Growing one Tree
Consider the following toy dataset, with some spam/ham information, and two words, ‘viagra’ and ‘lottery’.
R: Conditionally Updating Rows of a Data Frame
In a blog post I wrote a couple of days ago about cohort analysis I had to assign a monthNumber to each row in a data frame and started out with the following code: …
Classifying plankton with deep neural networks
The National Data Science Bowl, a data science competition where the goal was to classify images of plankton, has just ended. I participated with six other members of my research lab, the Reservoir lab of prof. Joni Dambre at Ghent University in Belgium. Our team finished 1st! In this post, we’ll explain our approach.
DIGITS: Deep Learning GPU Training System
The hottest area in machine learning today is Deep Learning, which uses Deep Neural Networks (DNNs) to teach computers to detect recognizable concepts in data. Researchers and industry practitioners are using DNNs in image and video classification, computer vision, speech recognition, natural language processing, and audio recognition, among other applications. The success of DNNs has been greatly accelerated by using GPUs, which have become the platform of choice for training these large, complex DNNs, reducing training time from months to only a few days. The major deep learning software frameworks have incorporated GPU acceleration, including Caffe, Torch7, Theano, and CUDA-Convnet2. Because of the increasing importance of DNNs in both industry and academia and the key role of GPUs, last year NVIDIA introduced cuDNN, a library of primitives for deep neural networks. Today at the GPU Technology Conference, NVIDIA CEO and co-founder Jen-Hsun Huang introduced DIGITS, the first interactive Deep Learning GPU Training System. DIGITS is a new system for developing, training and visualizing deep neural networks. It puts the power of deep learning into an intuitive browser-based interface, so that data scientists and researchers can quickly design the best DNN for their data using real-time network behavior visualization. DIGITS is open-source software, available on GitHub, so developers can extend or customize it or contribute to the project.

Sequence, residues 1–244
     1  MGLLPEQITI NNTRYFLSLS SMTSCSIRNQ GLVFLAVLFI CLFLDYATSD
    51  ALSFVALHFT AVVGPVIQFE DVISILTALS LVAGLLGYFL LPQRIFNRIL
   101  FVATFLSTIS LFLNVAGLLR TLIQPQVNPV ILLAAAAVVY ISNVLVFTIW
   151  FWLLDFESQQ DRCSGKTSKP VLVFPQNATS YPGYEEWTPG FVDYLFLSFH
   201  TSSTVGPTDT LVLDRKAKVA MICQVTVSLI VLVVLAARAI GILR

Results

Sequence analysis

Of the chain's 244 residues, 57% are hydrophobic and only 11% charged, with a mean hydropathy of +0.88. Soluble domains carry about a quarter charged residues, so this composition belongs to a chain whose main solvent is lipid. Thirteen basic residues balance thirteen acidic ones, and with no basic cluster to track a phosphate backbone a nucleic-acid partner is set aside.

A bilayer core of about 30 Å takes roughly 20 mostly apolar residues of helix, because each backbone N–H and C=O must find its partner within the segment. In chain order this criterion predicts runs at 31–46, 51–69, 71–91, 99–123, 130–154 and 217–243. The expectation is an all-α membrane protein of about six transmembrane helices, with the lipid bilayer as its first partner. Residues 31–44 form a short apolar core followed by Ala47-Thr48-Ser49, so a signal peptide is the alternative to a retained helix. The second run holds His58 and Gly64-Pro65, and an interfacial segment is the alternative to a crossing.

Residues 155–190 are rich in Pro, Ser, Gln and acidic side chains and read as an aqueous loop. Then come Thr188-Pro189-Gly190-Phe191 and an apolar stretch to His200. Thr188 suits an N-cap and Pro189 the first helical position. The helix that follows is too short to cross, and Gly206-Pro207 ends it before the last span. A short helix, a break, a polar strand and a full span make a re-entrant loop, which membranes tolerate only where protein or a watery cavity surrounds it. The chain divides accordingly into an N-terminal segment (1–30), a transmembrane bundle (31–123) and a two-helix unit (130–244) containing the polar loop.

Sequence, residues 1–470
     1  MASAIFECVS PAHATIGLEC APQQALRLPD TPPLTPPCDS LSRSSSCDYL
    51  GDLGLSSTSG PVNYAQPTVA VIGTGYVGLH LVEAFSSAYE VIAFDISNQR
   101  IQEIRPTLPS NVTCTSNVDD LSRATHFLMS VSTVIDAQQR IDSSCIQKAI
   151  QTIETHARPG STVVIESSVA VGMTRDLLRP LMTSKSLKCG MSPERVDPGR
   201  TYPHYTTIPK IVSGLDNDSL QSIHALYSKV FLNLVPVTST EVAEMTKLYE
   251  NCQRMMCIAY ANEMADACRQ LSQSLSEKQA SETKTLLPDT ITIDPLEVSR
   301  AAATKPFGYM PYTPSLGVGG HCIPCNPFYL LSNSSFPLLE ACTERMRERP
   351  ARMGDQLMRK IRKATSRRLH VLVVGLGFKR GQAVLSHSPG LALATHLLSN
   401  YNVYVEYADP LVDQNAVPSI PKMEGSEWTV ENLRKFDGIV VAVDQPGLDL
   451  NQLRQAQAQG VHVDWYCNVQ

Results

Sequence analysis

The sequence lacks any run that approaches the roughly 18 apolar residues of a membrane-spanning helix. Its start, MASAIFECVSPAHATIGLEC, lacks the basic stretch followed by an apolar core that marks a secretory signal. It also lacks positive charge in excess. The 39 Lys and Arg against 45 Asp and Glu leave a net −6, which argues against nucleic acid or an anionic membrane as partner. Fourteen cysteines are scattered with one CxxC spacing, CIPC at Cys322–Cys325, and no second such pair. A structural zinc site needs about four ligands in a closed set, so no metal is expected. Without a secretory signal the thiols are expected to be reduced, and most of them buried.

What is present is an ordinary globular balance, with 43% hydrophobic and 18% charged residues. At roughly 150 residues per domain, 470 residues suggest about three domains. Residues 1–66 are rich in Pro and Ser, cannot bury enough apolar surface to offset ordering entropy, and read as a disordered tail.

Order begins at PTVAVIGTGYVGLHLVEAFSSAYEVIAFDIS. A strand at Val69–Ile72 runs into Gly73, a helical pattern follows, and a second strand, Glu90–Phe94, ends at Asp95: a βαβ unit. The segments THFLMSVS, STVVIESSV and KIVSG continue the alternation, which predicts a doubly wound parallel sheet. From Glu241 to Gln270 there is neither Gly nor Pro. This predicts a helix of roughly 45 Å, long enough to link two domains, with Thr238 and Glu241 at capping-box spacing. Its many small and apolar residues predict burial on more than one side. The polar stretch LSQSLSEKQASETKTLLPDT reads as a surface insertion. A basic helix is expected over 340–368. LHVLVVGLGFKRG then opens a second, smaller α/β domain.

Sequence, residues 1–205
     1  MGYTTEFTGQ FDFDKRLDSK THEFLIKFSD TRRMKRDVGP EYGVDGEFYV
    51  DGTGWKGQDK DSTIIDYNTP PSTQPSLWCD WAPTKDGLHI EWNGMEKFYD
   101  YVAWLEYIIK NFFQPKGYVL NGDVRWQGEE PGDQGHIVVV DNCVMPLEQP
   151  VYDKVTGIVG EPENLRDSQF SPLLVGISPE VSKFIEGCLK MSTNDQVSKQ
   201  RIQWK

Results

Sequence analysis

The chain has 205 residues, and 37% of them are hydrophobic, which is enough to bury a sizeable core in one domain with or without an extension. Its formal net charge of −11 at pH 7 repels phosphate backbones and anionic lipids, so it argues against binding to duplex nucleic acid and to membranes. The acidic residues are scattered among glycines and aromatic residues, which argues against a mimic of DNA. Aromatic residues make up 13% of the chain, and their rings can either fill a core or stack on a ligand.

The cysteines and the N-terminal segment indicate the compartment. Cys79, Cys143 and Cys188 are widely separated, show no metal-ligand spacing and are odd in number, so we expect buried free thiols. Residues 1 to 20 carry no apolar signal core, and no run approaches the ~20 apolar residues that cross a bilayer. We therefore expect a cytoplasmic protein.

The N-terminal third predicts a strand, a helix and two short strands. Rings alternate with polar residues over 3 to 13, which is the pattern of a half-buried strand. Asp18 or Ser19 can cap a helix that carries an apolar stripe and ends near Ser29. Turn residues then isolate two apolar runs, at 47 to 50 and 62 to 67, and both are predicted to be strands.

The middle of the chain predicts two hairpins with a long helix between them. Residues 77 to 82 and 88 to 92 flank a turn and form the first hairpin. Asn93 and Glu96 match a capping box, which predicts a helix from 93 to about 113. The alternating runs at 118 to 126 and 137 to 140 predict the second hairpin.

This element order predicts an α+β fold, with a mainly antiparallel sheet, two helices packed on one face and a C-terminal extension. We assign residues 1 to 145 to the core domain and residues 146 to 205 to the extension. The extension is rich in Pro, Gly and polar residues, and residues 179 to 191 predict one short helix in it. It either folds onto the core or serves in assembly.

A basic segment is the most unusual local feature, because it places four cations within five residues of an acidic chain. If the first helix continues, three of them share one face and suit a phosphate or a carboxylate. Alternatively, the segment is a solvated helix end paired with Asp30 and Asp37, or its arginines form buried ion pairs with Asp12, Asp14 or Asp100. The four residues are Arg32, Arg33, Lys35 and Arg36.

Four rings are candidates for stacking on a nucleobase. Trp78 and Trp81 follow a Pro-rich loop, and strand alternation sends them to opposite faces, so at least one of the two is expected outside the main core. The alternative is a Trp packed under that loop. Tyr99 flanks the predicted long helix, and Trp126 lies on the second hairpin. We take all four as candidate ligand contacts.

Vector Autoregressive Models
Consider here some VAR(1) model …
Forecast, Automatic Routines vs. Experience
This morning, in our Time Series course, we’ve been playing with some data I got from google.ca/trends/. Actually, we’ve been playing on some old version, downloaded 18 months ago (discussed in a previous post, in French)….
Seven Ways You Can Use A Linear, Polynomial, Gaussian, & Exponential Line Of Best Fit
A line of best fit lets you model, predict, forecast, and explain data. This post shows how you can use a line of best fit to explain college tuition, rats, turkeys, burritos, and the NHL draft. Read on or see our tutorials for more. Contact us if you’re interested in a trial of plotly on-premise. Developers, scroll down to see Python and R.
Model Segmentation with Cubist
Cubist is a tree-based model with a OLS regression attached to each terminal node and is somewhat similar to mob() function in the Party package (https://statcompute.wordpress.com/2014/10/26/model-segmentation-with-recursive-partitioning). Below is a demonstrate of cubist() model with the classic Boston housing data.
Growing some Trees
Consider here the dataset used in a previous post, about visualising a classification (with more than 2 features),
Growing one Tree